Computational Design + Fabrication Workshop @ Tulane SOA

Personally, computational design is most rewarding when you have to rely on it to build something you would have otherwise never been able to accomplish both technically and aesthetically. This euphoria is exactly what I experienced during A-week at Tulane this past month.

A-week, more formally known as Architecture Week,  is a student-organized tradition at the Tulane School of Architecture where a student committee selects visiting architects based off of their professional work to lead an intense design build effort in three days. This year, the architects consisted of Jason Kelly Johnson and Ripon Deleon from Future Cities Lab, Ronald Rael from Rael San Fratello, Hart Marlow from su11, and myself from CASE. Hart, being my best friend from undergraduate, teamed up with me to lead one of the three groups.

Tulane SOA summarizes the week as follows.

The objective is for the visiting architects to offer students a new perspective on the changing landscape of architecture, technology and culture. Over the span of three days, students participated in workshops led by the visiting architects that engage the students in learning new and innovative digital modeling processes, design charrettes and the full scale fabrication of a project. A-week is an important part of a student’s education as its goal is designed to empower students with knowledge and methods that are redefining the future of the industry.

Our workshop was a huge success. We had a group of 12-14 students, mostly 3rd year with a few upper year sprinkled in, all with no experience in Maya nor Grasshopper. What the students did have was an impressive work ethic, tolerance for each other, and a basic understanding of digital fabrication techniques.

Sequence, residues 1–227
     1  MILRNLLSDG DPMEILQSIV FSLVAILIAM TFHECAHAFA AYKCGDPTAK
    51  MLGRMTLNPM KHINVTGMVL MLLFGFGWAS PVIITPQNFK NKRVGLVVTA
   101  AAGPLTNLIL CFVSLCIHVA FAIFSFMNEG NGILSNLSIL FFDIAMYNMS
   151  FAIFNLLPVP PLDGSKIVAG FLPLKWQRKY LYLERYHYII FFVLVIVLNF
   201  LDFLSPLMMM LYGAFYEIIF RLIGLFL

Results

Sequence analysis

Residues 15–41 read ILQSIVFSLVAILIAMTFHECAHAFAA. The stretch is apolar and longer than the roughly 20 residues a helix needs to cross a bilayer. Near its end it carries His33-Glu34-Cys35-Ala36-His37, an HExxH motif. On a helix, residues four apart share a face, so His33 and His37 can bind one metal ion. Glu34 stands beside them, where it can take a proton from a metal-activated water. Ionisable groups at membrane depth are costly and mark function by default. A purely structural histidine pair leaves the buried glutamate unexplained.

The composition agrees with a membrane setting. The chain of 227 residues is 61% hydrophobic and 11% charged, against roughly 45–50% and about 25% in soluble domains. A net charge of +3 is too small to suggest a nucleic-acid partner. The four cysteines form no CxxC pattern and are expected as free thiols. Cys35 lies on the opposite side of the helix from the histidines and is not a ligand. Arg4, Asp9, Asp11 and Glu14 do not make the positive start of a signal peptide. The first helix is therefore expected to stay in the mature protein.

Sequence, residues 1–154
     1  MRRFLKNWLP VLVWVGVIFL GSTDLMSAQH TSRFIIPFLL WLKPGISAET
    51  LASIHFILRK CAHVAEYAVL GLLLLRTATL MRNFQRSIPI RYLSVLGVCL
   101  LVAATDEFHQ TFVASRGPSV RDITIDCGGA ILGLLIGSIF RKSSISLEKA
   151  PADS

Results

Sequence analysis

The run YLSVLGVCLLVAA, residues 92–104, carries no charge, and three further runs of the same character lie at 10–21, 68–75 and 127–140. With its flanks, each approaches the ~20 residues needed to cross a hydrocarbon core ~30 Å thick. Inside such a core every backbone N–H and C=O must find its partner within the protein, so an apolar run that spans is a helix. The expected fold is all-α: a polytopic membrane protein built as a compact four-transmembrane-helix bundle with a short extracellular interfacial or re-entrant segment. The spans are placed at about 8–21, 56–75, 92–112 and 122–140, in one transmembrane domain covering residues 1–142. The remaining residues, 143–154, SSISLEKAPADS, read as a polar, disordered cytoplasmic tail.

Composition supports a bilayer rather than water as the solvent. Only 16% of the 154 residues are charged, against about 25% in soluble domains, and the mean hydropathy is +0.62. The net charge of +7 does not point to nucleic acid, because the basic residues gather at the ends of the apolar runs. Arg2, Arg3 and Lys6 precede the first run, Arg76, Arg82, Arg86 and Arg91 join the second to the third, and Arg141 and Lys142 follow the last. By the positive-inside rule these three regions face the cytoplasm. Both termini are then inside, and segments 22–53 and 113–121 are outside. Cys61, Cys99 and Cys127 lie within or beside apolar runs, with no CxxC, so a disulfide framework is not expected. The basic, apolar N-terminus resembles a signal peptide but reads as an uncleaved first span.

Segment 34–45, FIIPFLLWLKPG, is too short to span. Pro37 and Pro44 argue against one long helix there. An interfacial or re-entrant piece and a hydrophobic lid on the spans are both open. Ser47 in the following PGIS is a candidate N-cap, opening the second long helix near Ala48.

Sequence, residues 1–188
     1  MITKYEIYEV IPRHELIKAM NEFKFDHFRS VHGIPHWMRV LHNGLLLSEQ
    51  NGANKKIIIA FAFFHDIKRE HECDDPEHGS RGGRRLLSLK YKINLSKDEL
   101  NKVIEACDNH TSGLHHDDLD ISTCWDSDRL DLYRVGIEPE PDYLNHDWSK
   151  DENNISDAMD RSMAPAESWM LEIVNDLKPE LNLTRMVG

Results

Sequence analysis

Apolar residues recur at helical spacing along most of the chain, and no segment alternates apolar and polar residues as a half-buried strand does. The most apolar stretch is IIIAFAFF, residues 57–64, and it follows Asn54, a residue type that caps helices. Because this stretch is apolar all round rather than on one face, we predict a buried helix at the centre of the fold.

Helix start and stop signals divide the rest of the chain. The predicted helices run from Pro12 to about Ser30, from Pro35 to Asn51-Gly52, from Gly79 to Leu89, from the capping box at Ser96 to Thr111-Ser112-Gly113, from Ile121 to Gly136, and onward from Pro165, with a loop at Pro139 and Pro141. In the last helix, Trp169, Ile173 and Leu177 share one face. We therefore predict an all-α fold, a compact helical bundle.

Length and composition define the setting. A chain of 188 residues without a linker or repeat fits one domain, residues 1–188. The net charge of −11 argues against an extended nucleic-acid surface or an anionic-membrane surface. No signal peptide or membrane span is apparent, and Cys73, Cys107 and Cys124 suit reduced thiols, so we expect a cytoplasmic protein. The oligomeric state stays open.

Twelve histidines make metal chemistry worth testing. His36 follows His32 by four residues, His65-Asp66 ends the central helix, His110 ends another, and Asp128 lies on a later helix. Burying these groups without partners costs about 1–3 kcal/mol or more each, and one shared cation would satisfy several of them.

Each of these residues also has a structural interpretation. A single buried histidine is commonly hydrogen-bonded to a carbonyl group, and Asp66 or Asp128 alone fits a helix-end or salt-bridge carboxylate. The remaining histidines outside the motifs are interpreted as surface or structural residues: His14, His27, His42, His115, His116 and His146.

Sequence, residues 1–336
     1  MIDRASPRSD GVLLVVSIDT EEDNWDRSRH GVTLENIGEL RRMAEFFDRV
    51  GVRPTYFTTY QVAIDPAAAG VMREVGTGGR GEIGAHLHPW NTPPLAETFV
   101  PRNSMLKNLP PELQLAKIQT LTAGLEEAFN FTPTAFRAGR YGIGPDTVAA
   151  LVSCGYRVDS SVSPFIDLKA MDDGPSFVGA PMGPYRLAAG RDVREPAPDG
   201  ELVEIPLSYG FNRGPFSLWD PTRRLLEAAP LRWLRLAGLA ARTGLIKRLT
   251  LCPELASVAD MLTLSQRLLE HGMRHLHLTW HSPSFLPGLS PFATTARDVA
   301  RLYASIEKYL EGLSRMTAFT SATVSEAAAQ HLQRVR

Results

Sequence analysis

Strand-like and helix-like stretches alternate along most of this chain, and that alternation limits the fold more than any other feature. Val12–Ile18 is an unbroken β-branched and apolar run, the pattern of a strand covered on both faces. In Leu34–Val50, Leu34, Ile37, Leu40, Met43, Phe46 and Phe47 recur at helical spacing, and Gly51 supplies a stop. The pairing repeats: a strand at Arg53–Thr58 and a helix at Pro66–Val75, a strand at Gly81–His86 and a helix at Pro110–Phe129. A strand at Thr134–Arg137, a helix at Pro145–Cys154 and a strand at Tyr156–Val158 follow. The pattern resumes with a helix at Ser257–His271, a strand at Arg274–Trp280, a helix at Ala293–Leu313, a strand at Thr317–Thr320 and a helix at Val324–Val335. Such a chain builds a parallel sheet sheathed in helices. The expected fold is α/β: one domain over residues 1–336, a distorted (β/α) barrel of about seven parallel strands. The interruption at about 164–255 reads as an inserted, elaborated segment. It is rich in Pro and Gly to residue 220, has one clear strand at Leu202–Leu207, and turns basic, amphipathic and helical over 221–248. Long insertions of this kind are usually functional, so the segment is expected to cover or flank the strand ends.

The focus of our workshop was on the design and fabrication of a full scale canopy that was informed by invoking dynamic site constraints. Using the Dynamics Engine within Maya, students produced dynamic curve formations informed by their own site investigations of the Tulane Quad that self assemble into a dynamic system. When played out over time, this system progressively attracted to itself, or cling, resulting in dense cluster areas.

These clusters were analyzed based off of control point density and magic using Grasshopper. These clusters then formed the basis from which a structural system could be derived from. Using a series of custom Grasshopper tools built for the workshop and the dynamic curve system as a rig, the students formulated a layout. After the primary structural elements were designed, additional custom Grasshopper tools allowed the students to skin the structure by selecting which primary elements should terminate the span of a pedal. Since the primary structural elements could be at any angle, and since we need to bend the conduit with low tech equipment, a planar solution had to be developed. When the two terminating structural elements were selected, the tools generated a modifiable intermediate segment, derived by intersecting two planes. The result is the ability to create very complex shapes all while using only planar bent conduit. The skin, its profile, and its graphic was then mapped onto the structure using a third set of Grasshopper tools.

At this stage, the students broke into two teams. A STRUCTURE team generated the output to fabricate and bend conduit tubes as structure. Using a mid-range conduit bender to form the conduit pipes into shape, a flat table and plywood as a plane to assemble, and 10 hands, the students were able to bend and assemble a unit in about 15 minutes.  I am always amazed at how well things come together when you follow the direct output of the model. Of course during assembly, it matters that you are as precise as you can possibly be during fabrication.

The SKIN team then designed how the skin both looked and performed during the day.  After unrolling the skin/pedals using Grasshopper, Acrylic sheets were CNC milled. By replacing an end mill with a sharpie, the team used the CNC to draw a pattern on the pedals that were later scored with an knife. After painting the graphic on the pedals, they were riveted together on the ground before lifted into place to get riveted to neighboring pedals.

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